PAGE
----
Imam Ash-Shawkani says in his book "Nayl Al-Awtar", "The people of Madinah and those who agreed with them from among the Zahiriyyah and the Sufis maintain that singing is permissible, even when it is accompanied by a musical instrument such as the lute or the flute. Abu Mansur Al-Bughdadi Ash-Shafi`i narrate that `Abdullah Ibn Ja`far saw nothing wrong in singing, and he, himself, used to compose the music for his own slaves who used to sing these melodies in his presence. This took place during the time of Commander of the Faithful, `Ali Ibn Abi Talib. Abu Ja`far Al-Bughdadi narrates the same after Al-Qadi Shurayh, Sa`id Ibn Al-Musaiyb, `Ata' Ibn Abu Rabah, Az-Zuhri and Ash-Shi`bi."

Ar-Ruwaiyani narrates on the authority of Al-Qaffal that Malik Ibn Anas maintained that singing with musical instruments is permissible. Also, Abu Mansur Al-Furani quotes Malik as maintaining that playing the flute is permissible.

Abu Al-Fadl Ibn Tahir narrates, "The people of Madinah never disputed over the permissibility of playing the lute."

Ibn An-Nahwi narrates in his "Al-`Umdah": "Ibn Tahir said, 'The people of Madinah showed consensus over this (issue). Also, all the Zahiriyyah maintained the same.'"

Al-Mawardi attributes the permissibility of playing the lute to some of the Shafi`i followers and students. This has been narrated also by Abu Al-Fadl Ibn Tahir after Abu Ishaq Ash-Shirazi; and it is narrated by Al-Isnawi after Ar-Ruwaiyani and Al-Mawardi. Again, this is narrated by Al-Adfuwi after Sheikh `Izz Ad-Deen Ibn `Abd As-Salam. It is also narrated after Abu Bakr Ibn Al-`Arabi.

All these scholars consider singing that is accompanied by musical instruments permissible, but as for singing that is not accompanied by musical instruments, Al-Adfuwi says, "In some of his jurisprudence-related books, Al-Ghazali narrates the consensus of the scholars on its permissibility." Also, Ibn Tahir narrates the consensus of the Prophet's Companions and those who succeeded them on this very topic. Ibn An-Nahwi states in Al-`Umdah that singing and listening was deemed permissible by a group of the Companions and the Followers.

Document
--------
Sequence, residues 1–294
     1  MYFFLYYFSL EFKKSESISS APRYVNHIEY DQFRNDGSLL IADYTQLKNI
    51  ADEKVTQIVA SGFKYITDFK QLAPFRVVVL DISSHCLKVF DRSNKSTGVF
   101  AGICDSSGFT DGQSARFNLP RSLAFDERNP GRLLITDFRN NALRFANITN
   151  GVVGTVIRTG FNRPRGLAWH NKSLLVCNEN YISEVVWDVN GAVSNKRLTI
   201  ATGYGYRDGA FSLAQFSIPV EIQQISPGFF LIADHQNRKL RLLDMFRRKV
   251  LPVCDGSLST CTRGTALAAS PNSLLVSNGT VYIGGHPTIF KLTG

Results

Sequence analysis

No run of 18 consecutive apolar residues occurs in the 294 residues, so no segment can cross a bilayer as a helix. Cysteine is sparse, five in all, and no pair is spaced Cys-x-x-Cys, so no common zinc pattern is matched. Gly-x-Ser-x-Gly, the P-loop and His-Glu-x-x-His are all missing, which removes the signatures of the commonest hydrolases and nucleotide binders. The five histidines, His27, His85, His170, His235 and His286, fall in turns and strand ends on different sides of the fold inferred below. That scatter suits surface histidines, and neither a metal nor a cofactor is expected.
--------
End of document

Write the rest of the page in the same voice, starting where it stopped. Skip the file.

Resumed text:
Conditions and Terms:

There are some conditions and terms that should be observed regarding listening to singing, as follows:

1. Not all sorts of singing are permissible. Rather, the permissible song should comply with the Islamic teachings and ethics. Therefore, the songs praising the tyrants and corrupt rulers disagree with Islamic teachings. In fact, Islam stands against transgressors and their allies, and those who show indifference to their transgression. So, the same goes for those songs that imply giving praises to such attitude!

2. Also, the way the song is performed weighs so much. The theme of the song may be good, but the performance of the singer – through intending excitement and arousing others' lusts and desires along with trying to seduce them – may move it to the area of prohibition, suspicion or even detest. The Glorious Qur'an addresses the wives of Prophet Muhammad (peace and blessings be upon him) saying, "O you wives of the Prophet! You are not like any other women. If you keep your duty (to Allah), then be not soft of speech, lest he in whose heart is a disease aspire (to you), but utter customary speech." (Al-Ahzab: 32) So, one has to show caution to music when there is softness of speech accompanied with rhyme, melody, and special effects!

3. Singing should not be accompanied with something that is prohibited such as alcohol, nakedness, mixing of men with women that is common in pubs and nightclubs, etc.

4. Islam has declared excessiveness as prohibited in everything. The same goes for excessiveness in leisure and recreation even though these things are permissible ! This indicates that the emptiness of the mind and heart has to be observed and tackled during man's short-term life. One should know that Allah Almighty will ask every one about his life and his youth in particular.

There are some things in which one is to be his own judge and Mufti. If there is some kind of singing that arouses his own lust or desire, and takes him away from the real life, he should avoid it then and block that very gate from which the winds of trial and seduction may come and erase his religion, morals and heart. If he does this, he will live in peace and tranquility.

Warning against playing with the word "haram"

To conclude, we address the respectful scholars who tackle the word "haram" easily and set it free in their writings and fatwas that they should observe that Allah is watching over them in all that they say or do. They should also know that this word "haram" is very dangerous. It means that Allah's Punishment is due on a certain act or saying, and should not be based upon guessing, whims, weak Hadiths, not even through an old book. It has to be supported by a clear, well-established text or valid consensus. If these last two are not found, then we revert the given act or saying to the original rule: "permissibility governing things". We do have a good example to follow from one of our earlier pious scholars. Imam Malik (may Allah be pleased with him) who said: "It was not the habit of those who preceded us, the early pious Muslims, who set good example for the following generations, to say, 'This is halal, and this is haram. But, they would say, 'I hate such-and-such, and maintain such-and-such, but as for halal and haram, this is what may be called inventing lies concerning Allah. Did not you hear Allah's Statement that reads, 'Say: Have you considered what provision Allah has sent down for you, how you have made of it lawful and unlawful? Say: Has Allah permitted you, or do you invent a lie concerning Allah?" (Yunus: 59) For, the halal is what Allah and His Messenger made lawful, and the haram is what Allah and His Messenger made unlawful.

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Responses

  1. Bismillah Ar Rahman Ar Rahim